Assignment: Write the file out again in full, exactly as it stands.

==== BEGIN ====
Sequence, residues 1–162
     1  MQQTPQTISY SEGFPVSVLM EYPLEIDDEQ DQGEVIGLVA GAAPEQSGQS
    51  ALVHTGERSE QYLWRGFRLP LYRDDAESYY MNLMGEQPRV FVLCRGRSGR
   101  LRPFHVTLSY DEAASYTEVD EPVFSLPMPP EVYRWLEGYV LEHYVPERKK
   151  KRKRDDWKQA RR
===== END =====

Sequence, residues 1–162
     1  MQQTPQTISY SEGFPVSVLM EYPLEIDDEQ DQGEVIGLVA GAAPEQSGQS
    51  ALVHTGERSE QYLWRGFRLP LYRDDAESYY MNLMGEQPRV FVLCRGRSGR
   101  LRPFHVTLSY DEAASYTEVD EPVFSLPMPP EVYRWLEGYV LEHYVPERKK
   151  KRKRDDWKQA RR